Historic opera houses have become hubs for fine arts in Iowa. Constructed in 1902, the now-restored Corning Opera House hosts community theater, Opry concerts and touring musical acts. Before its 1990 restoration, the Pella Opera House served as a bowling alley, a skating rink and a hardware store. Today, this 324-seat theater delivers special performances at tulip time. In Sioux City, the elegant Orpheum Theater hosts celebrities, Broadway shows and the Sioux City Symphony. In 1927, construction costs totaled $1.75 million; its $12 million restoration, completed in 2001, replicated the original decorative finishes and carpet and even the terra-cotta drinking fountains.
“We’ve seen a resurgence of restoring Iowa’s opera houses and giving them new life,” said Jessica O’Riley, tourism communications manager for the Iowa Economic Development Authority. “Many are in small towns with charming main streets, local shops and restaurants that groups can enjoy before or after the show.”
Near the Minnesota border, Clear Lake begs a visit to the famed Surf Ballroom, which hosts musical acts including the Winter Dance Party — a tribute to Buddy Holly, Ritchie Valens and the Big Bopper’s last concert. Glenn Miller devotees will appreciate June’s Glenn Miller Festival and the Glenn Miller Birthplace Museum in Clarinda.
Columbus boasts a vibrant entertainment scene. The King Arts Complex and Lincoln Theatre anchor the diverse King-Lincoln District, where the spoken word, dance, theater and music come together with the visual arts. For a fun summer evening, JazZoo, a waterfront four-concert series takes place at the Columbus Zoo and Aquarium; tickets include zoo admission. The Ohio Theatre, home to the Columbus Symphony, BalletMet and Broadway shows, offers tours and demonstrations of its Mighty Morgan, one of the world’s few theater pipe organs still in its original home.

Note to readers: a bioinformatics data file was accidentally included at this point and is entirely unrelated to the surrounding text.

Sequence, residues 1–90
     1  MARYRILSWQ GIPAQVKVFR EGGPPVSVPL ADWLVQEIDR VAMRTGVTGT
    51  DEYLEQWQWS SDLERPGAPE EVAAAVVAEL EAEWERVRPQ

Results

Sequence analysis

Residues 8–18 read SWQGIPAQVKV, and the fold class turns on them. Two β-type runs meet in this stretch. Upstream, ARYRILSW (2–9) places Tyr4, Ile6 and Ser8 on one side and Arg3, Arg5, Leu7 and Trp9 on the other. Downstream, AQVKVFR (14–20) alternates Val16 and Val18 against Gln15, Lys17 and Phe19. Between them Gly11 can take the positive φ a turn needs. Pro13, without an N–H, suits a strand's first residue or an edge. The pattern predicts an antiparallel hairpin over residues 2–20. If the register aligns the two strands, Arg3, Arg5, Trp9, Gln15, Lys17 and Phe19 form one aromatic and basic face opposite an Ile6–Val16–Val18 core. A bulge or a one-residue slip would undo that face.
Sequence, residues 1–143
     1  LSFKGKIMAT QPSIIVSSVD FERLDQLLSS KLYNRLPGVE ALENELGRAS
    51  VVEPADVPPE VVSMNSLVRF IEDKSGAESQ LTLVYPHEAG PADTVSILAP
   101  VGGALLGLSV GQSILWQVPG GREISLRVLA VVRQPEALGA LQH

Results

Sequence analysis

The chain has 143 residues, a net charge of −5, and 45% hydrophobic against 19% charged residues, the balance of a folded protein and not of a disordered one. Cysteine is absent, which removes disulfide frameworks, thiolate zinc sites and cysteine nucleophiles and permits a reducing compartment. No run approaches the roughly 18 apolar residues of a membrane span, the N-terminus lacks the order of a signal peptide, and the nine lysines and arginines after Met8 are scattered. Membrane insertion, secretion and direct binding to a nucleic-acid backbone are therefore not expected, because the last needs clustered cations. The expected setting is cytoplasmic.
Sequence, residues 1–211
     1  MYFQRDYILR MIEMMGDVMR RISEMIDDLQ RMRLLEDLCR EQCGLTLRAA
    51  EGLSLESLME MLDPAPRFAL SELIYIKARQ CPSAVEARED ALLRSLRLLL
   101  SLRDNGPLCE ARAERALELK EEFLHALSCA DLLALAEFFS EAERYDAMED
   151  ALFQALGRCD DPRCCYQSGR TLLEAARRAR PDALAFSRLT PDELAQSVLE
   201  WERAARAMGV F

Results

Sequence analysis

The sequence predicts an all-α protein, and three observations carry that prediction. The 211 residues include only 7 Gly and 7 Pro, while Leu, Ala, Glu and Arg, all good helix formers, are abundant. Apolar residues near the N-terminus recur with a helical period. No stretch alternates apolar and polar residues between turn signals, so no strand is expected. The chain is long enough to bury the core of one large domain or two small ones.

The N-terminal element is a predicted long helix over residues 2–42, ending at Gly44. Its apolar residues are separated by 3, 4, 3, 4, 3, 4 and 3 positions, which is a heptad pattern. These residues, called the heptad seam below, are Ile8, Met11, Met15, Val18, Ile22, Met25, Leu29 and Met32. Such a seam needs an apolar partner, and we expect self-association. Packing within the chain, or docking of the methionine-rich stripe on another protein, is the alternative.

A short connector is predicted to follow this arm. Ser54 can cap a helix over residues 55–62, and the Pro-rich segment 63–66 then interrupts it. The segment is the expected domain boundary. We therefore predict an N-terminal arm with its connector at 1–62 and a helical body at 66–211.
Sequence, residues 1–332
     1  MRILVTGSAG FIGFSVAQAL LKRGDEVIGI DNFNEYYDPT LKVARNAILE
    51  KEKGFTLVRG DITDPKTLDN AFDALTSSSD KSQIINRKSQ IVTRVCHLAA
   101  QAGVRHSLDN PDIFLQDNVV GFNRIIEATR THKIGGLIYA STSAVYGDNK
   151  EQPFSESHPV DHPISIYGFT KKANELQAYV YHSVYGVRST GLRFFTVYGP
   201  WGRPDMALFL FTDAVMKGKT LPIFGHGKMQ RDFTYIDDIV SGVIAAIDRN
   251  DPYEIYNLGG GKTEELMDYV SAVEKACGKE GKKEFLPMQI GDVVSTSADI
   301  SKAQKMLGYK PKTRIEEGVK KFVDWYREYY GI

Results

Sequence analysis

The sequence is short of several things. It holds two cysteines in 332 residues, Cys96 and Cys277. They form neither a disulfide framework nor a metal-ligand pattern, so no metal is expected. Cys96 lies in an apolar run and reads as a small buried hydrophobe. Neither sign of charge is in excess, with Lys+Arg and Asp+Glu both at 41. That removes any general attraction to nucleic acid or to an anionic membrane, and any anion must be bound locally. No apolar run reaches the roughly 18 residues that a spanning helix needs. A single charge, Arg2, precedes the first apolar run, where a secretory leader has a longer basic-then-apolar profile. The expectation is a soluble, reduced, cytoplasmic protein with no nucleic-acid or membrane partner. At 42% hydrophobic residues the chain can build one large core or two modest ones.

“Just outside of Hocking Hills State Park in Logan, at the Appalachian Listening Room, performances include two to three musicians who play and talk about how their songs were created, so it’s very much a singer-songwriter experience,” said executive director Karen Raymore for the Hocking Hills Tourism Association.
Near New Philadelphia, Ohio’s official drama, “Trumpet in the Land,” is performed in the same hills where the story originated. Written by Pulitzer Prize-winning playwright Paul Green, the production brings to life the Ohio frontier during the Revolutionary War. Behind-the-scenes tours offer a chance to see how the weaponry is fired, learn pyrotechnic tricks and explore the understage tunnel for the actors.